RESTITUTION — Unjust enrichment — Subrogation — Bank releasing charges over claimant’s parents’ property in exchange for new charge over property purchased for claimant with proceeds of sale of other property — Claimant unaware of arrangement and purported charge invalid — Bank seeking equitable interest in new property on ground that claimant otherwise unjustly enriched at its expense — Whether bank entitled to claim subrogation to unpaid vendor’s lien as means of obtaining restitution
Menelaou v Bank of Cyprus plc
 UKSC 66;  WLR (D) 438
SC: Lord Neuberger of Abbotsbury PSC, Lord Kerr of Tonaghmore, Lord Clarke of Stone-cum-Ebony, Lord Wilson, Lord Carnwath JJSC: 4 November 2015
Where a person was given a property by her parents bought with money from the sale of the family home, made possible by a bank having agreed to release its charges over the family home (securing the parents’ borrowing) to allow it to be sold, in return for receiving a lump sum payment out of the proceeds of sale to reduce the borrowing and a fresh charge over the new property to secure the remaining indebtedness, but— because the person had not been told of the fresh charge and it had been defectively executed— the new charge was void, the bank had an equitable interest in the new property to the extent of the value of the purported charge, which it could enforce by means of subrogation to an unpaid vendor’s lien.
The Supreme Court so held by a majority (Lord Carnwath JSC relying on a different ground) when unanimously dismissing an appeal by the claimant owner, Melissa Menelaou, against the order of the Court of Appeal (Moses, Tomlinson and Floyd LJJ)  EWCA Civ 1960;  1 WLR 854 whereby it had allowed an appeal by the defendant bank, Bank of Cyprus UK Ltd, against the order of David Donaldson QC who, sitting as a deputy judge of the Chancery Division  EWHC 1991 (Ch) and having ordered the removal of the relevant entries in the land charges register at the Land Registry (the bank having conceded the invalidity) had dismissed the bank’s counterclaim for a declaration that it was entitled to be subrogated to an unpaid vendor’s lien over the property.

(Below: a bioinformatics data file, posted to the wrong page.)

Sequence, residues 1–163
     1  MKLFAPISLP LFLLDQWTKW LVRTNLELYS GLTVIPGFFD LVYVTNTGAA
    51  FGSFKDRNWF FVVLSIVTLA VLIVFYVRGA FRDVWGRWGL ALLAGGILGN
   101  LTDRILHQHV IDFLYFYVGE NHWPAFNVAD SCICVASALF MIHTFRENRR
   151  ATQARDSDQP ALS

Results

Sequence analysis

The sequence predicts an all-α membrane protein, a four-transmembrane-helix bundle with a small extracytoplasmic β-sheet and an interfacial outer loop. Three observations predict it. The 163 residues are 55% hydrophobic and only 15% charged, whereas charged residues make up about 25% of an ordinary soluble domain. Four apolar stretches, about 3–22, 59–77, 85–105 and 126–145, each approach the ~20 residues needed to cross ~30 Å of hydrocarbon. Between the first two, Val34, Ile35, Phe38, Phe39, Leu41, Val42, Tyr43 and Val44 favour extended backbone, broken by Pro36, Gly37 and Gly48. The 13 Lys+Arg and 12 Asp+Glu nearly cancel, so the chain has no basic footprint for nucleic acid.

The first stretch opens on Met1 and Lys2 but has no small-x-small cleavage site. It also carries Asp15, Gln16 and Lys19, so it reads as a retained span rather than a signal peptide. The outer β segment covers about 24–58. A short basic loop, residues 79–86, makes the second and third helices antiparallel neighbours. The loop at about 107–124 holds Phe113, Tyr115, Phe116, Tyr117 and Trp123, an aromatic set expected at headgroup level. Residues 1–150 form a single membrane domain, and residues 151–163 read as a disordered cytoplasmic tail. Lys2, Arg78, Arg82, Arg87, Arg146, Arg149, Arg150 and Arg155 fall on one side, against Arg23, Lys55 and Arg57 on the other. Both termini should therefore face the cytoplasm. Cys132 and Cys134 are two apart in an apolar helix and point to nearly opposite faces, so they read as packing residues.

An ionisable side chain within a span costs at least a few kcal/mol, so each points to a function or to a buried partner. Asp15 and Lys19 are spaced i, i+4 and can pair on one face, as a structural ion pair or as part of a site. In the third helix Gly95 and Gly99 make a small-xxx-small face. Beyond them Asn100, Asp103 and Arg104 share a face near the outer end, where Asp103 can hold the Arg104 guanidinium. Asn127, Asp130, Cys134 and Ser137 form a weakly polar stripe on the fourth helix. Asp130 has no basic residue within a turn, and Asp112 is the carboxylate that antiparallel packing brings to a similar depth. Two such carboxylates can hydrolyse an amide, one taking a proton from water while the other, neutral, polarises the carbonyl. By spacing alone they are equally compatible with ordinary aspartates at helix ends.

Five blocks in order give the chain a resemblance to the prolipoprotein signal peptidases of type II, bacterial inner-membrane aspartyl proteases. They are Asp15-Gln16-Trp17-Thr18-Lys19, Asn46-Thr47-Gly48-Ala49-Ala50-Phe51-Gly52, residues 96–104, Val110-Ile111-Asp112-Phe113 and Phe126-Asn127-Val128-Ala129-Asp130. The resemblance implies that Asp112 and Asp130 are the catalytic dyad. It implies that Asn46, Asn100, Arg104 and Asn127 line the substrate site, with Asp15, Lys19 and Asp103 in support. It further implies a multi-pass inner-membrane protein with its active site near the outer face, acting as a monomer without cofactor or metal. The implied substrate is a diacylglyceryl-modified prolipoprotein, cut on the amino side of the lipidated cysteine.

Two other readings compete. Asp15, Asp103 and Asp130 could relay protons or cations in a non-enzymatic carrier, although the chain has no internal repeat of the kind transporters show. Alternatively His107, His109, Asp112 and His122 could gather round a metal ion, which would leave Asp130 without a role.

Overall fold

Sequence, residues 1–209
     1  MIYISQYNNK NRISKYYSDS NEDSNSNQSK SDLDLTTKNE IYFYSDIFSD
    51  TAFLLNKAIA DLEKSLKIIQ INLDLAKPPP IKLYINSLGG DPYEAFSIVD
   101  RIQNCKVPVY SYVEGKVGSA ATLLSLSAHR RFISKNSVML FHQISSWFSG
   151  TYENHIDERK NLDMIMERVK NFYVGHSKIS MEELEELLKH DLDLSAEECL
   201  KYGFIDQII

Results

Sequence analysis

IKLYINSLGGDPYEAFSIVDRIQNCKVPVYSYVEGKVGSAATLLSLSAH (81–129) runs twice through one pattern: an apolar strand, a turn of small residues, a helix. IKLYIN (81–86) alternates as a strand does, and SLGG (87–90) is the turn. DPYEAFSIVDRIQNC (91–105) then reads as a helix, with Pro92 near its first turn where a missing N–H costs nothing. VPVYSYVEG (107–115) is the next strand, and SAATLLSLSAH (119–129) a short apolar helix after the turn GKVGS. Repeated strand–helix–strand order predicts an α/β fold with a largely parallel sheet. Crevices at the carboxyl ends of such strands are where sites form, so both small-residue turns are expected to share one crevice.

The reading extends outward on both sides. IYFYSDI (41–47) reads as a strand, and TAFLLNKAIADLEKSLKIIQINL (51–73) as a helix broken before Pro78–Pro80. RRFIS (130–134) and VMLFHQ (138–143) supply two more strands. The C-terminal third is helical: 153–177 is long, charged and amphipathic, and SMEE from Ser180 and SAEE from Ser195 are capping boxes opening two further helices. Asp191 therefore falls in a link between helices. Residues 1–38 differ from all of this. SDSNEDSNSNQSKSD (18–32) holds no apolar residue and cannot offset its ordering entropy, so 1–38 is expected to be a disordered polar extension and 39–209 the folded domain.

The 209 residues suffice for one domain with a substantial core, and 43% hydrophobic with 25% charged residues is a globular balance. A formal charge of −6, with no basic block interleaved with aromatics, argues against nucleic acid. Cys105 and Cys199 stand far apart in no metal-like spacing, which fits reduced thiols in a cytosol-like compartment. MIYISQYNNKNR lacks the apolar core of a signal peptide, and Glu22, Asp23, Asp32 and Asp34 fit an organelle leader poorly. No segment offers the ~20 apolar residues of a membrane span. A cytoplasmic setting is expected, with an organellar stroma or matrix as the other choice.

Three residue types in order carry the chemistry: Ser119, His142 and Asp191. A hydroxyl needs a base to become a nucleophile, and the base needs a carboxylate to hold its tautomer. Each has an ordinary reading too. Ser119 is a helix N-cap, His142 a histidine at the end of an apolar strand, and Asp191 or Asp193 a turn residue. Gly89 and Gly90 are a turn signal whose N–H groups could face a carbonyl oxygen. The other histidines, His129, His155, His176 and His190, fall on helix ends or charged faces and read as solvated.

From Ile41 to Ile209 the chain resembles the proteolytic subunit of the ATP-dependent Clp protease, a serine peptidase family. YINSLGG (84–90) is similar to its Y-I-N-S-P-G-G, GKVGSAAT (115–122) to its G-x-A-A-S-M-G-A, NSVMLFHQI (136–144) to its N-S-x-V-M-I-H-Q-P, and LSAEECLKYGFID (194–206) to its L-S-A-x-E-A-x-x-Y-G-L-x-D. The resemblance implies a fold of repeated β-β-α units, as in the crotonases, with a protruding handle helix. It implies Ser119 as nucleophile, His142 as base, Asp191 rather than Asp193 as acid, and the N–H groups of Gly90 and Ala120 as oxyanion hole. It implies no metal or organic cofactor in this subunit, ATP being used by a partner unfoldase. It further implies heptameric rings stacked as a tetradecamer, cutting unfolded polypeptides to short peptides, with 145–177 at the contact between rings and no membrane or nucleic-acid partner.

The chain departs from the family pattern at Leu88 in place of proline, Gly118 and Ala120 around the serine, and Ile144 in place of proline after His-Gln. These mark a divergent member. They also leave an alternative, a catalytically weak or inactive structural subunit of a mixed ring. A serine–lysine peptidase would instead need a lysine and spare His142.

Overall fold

LORD CLARKE OF STONE-CUM-EBONY JSC said that the case was one of unjust enrichment. When faced with such a claim the court had to ask whether (1) the defendant had been enriched; (2) the enrichment had been at the claimant’s expense; (3) the enrichment was unjust; and (4) there were any defences available to the defendant. Here, there was no doubt that the owner had been enriched when she became the owner of the new property: her obligation to pay the purchase price to the vendor had been discharged. The answer to the question whether she had been enriched at the expense of the bank— and if she had been, there could be no doubt that the enrichment was unjust— was also in the affirmative. The bank had been central to the scheme from start to finish. The remedy of unjust enrichment did not require there to have been a direct payment by the bank to the owner. Any such a requirement, while sufficient, would be too rigid. Whether a particular enrichment was at the expense of the other party depended upon the facts of the case: whether there was a sufficient causal connection, in the sense of a sufficient nexus or link, between the loss to the bank and the benefit received by the defendant, here the owner. Nor could the owner rely on any defence: there was no change of position defence, nor was she a bona fide purchaser for value without notice. She was a mere donee.
The remedy available to the bank was subrogation to the unpaid seller’s lien in order to reverse what would otherwise be the owner’s unjust enrichment. A third party who provided some or all of the purchase money for a purchaser, thereby discharging the obligation to the vendor, could claim the benefit of the unpaid vendor’s lien by subrogation. That was so even after the lien had been extinguished as between vendor and purchaser. The answer as to how, or why, that should be the case— or how it was that the unpaid vendor’s lien transferred from the vendor to the third party— had been explained in earlier authority as being an equitable remedy by which the plaintiff’s legal relations with a defendant who would otherwise be unjustly enriched were regulated “as if” the benefit of the charge had been assigned to him: see Orakpo v Manson Investments Ltd  AC 95, 104, 110, 112 and Banque Financière de la Cité v Parc (Battersea) Ltd  1 AC 221, 233–234, 236. The doctrine of unjust enrichment allowed a flexible approach to the remedies appropriate in a particular case.
LORD NEUBERGER OF ABBOTSBURY PSC delivered a concurring judgment.
LORD KERR OF TONAGHMORE and LORD WILSON JJSC agreed with both judgments.
LORD CARNWATH JSC said that he agreed that the appeal should be dismissed, but by a strict application of the traditional rules of subrogation— by tracing the money in question— without any need to extend them beyond their established limits by conflating them with the doctrine of unjust enrichment. There was a clear “tracing link” between the bank and the money used to purchase the owner’s property. The bank’s interest in the purchase money was clear and direct. On that relatively narrow ground, he would dismiss the appeal.
Mark Warwick QC and Joseph England (instructed by Jeffrey Green Russell Ltd) for the owner.
Philip Rainey QC and Timothy Polli (instructed by Matthew Arnold & Baldwin LLP) for the bank.
Reported by: Colin Beresford, Barrister.
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